5. Chick Corea "Three Quartets" (1981) - This is definitely one of my favorite albums of all time, spanning all genres of music. The compositions are broken up into "quartets" similar to what baroque string ensembles would play. Each quartet has a theme and dedication. The band is a quartet with piano, bass, drums, and sax, and features some of the most talented musicians ever to walk the Earth! This record falls under the jazz fusion label but there's elements of straight-ahead swing, classical, and rock all within the improvisations. Bonus! Check out Chick Corea playing Steve Gadd's drums on a duet with Michael Brecker featuring the tune "Confirmation". It's one of my favorite tracks on the album.



Okay as promised, here's a little hint on digging deeper and really understanding what you're listening to. It's a little thing us old guys grew up doing while listening to music before the internet came along and blew up the music industry. READ THE LINER NOTES! Yep. Learn who the musicians are. Learn what instrument they play. Read about when the album was recorded and what studio they recorded it in. Who was the recording engineer? Many of these older records had someone prominent in the industry write about the music being presented on the album. It might've been another musician or a writer or jazz critic of some kind. Oftentimes, these can be helpful in learning where the music is coming from, what it's inspired by, or what message the artist is trying to convey. It can give the music some CONTEXT. Pay close attention to the tone of the instruments. What makes Steve Gadd sound like Gadd? What makes Michael Brecker sound like Brecker? Or Marcus Miller, or Miles, or Coltrane?? And on and on. I feel that today's music is really missing out on this. Please understand that to read the liner notes, you probably will have to BUY the album. Yes, with actual money!! Blasphemy!!!! Here's the thing...When I stream a record or listen on YouTube, there's hardly ever any context for what I'm listening to, so it's harder to understand what the artist is trying to say, and it's easier to be dismissive of the music. You blow it off and you move on. We've ALL done it. And playlists (the algorithm!!) make this even harder. Don't get me started.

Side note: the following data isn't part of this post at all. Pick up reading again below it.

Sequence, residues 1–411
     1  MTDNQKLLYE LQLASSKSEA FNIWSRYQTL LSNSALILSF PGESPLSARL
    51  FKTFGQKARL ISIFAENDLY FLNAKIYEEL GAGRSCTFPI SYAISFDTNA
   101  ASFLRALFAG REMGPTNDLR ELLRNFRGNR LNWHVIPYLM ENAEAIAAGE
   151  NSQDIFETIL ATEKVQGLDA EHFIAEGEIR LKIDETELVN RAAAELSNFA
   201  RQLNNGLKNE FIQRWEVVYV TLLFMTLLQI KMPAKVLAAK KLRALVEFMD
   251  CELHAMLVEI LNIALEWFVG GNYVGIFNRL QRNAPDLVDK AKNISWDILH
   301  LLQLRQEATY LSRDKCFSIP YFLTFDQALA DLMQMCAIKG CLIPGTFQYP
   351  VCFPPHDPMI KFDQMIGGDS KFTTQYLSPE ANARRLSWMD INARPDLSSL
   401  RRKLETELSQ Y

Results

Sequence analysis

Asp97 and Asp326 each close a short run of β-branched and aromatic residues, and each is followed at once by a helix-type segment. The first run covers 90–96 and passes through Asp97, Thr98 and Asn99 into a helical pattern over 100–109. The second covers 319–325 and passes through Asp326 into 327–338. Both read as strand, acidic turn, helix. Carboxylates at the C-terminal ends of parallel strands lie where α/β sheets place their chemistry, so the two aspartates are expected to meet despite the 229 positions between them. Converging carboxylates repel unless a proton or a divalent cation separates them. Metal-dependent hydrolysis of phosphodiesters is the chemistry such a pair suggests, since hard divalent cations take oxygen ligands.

One exception, I downloaded an album by Benny Greb called "Moving Parts" and along with the songs on the album came a short video of Benny talking about each song on the album describing how it was written or what it was inspired by. Again, giving it CONTEXT. I thought that including these short videos was a very clever idea, and I wish to see more of that, for music in all genres. It's such an easy thing to do and include in the packaging of a record or album. Definitely a modern way of thinking.


So that's my list for non-jazz listeners who are open to the idea of getting into jazz music and discovering it's beauty. You don't have to start here, these are merely some suggestions for finding a pathway to full on jazz snobbery. HA! (just kidding). The main thing to remember is to listen to jazz music that you can relate to. All of these recommendations are instrumental, so maybe you would prefer to hear something with vocals instead. That could be a good entry way into the world of jazz and improvisation. Or maybe you would prefer the sound of a big band, like Count Basie or the Thad Jones/Mel Lewis band, both of which recorded albums with vocals and instrumentals.


I wish you good listening and I'd love to hear from you if you found one of my suggestions to be helpful. If not, I'd still love to hear from you! Join me on Patreon (link below!) where I do breakdowns of specific albums, focusing in on the musical elements and styles of drummers who play on the records.



As always, please like and follow me on all my social media sites like Facebook, Instagram, and YouTube.